To enable custom icons, swipe left through Aviate to get access to the spaces menu and go to settings. Once you’ve opened the settings, you can tap on the “Set Icon Pack” button. You will then be brought to a menu where you can set an icon pack, download new packs, or go back to the default Android icons. It was reported on their blog that most icon packs that work with the popular launchers such as, Nova and Apex, should work fine with Aviate Launcher as well.
This is a major update for Aviate Launcher and if you haven’t grabbed the latest version yet, click on the download link after the break.
Google and Samsung are worried about the consequences of a successful takeover deal between Microsoft and Nokia. According to a new report by Bloomberg, Google and Samsung held a talk with China’s Ministry of Commerce regarding licensing fees, citing two government officials familiar with the matter.
The two companies asked the Ministry of Commerce to ensure that the Microsoft-Nokia deal would not result in higher patent licensing fees, specifically in wireless technologies that will remain under the control of Nokia. In addition, two other companies, Huawei Technologies Co. and ZTE Corp., have expressed their concern regarding this matter. The companies have asked the regulators to set conditions on the deal.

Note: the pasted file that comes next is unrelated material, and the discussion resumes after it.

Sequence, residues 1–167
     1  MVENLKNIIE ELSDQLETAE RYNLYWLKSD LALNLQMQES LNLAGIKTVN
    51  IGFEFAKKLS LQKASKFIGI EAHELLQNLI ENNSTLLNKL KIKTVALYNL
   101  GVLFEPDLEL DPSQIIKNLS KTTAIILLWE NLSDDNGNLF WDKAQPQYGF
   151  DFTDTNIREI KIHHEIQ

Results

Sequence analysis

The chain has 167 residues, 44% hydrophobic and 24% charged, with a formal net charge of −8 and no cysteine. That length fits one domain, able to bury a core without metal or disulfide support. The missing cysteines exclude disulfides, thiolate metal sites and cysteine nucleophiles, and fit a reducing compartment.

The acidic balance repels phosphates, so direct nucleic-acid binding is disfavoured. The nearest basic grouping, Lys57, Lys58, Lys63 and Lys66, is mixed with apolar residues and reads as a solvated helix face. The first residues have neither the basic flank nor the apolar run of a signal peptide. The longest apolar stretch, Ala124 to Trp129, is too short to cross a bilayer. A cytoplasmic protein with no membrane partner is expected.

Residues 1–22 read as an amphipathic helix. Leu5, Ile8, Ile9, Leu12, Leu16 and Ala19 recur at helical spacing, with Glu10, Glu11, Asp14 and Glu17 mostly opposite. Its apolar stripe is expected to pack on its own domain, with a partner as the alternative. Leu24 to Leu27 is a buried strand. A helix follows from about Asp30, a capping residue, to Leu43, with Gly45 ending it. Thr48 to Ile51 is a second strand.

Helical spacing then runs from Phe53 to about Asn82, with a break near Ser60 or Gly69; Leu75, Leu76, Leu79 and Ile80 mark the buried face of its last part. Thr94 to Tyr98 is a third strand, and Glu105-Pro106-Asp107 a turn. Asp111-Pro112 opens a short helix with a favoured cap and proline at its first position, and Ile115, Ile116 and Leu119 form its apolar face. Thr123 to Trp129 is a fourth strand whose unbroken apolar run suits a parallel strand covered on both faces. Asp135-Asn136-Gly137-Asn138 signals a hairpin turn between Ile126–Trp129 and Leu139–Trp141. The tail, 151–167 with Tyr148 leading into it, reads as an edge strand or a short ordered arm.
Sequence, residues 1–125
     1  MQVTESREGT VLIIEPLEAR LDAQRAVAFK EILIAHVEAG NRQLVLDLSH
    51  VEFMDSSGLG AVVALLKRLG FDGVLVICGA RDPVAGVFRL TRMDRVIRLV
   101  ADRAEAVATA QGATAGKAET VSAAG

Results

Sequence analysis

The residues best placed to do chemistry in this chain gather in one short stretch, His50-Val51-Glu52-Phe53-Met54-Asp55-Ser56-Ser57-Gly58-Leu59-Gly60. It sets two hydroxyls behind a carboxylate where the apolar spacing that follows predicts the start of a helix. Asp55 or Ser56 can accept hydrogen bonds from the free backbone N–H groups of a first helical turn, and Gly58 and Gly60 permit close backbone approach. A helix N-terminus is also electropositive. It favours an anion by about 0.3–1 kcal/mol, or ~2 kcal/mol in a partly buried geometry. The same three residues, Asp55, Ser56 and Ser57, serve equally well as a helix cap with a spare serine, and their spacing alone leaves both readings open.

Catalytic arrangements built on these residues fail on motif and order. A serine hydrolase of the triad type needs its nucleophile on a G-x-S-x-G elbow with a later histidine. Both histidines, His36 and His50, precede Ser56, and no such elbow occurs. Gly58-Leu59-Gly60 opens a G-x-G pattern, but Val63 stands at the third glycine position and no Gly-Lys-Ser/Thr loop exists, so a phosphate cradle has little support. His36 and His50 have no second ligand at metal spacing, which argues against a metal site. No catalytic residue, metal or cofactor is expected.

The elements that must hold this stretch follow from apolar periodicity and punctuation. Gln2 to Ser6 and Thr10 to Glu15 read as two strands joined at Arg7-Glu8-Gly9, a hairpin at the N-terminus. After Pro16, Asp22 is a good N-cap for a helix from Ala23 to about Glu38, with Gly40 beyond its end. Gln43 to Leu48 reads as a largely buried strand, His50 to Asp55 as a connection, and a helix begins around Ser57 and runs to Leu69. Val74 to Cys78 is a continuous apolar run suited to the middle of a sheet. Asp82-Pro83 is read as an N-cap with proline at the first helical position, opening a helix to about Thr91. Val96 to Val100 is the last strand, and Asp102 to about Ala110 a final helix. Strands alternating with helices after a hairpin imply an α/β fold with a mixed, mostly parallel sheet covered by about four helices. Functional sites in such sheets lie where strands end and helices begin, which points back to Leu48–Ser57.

OnLive shut down its business a few years ago and sold out to Lauder Partners in 2012 for just $4.8 million. The company released a statement back in August 2012 regarding the change of ownership stressing that this matter would not affect the development and production of Onlive.
Now, a few years later, Onlive is back with full potential offering customers two new services, the PlayPack and CloudLift plan. PlayPack charges customers a mere $9.99 monthly subscription fee that will give them access to Onlive’s collection of 250 titles in the cloud via mobile devices.
Koushik Dutta, a developer for CyanogenMod, has been key in expanding the capabilities of the Google Chromecast ever since it was first released. His latest update to his Mirror Android app allows the user to be able to mirror whatever is being displayed on the users devices screen. This feature has been in the works for a while, but was finally released today.
The feature is still in its very early stages, and is in beta. Because of that, it is currently only supported on the Google Nexus 5 as that’s the only device with the required video decoder on it. Not only that, but the user must have root access to the phone and have the SuperUser app installed. Hit the break for more and to see the app in action!
Samsung had a field day at Mobile World Congress, announcing a number of new wearable devices, including the Gear 2, the Gear 2 Neo and Gear Fit.
Details regarding specs and availability were shared, but pricing remained a mystery. But now, we’ve received word regarding how much money the new wearables will cost.
Nothing is set in stone, but this should serve as a pretty good benchmark for how much you can expect the devices to cost when they are released.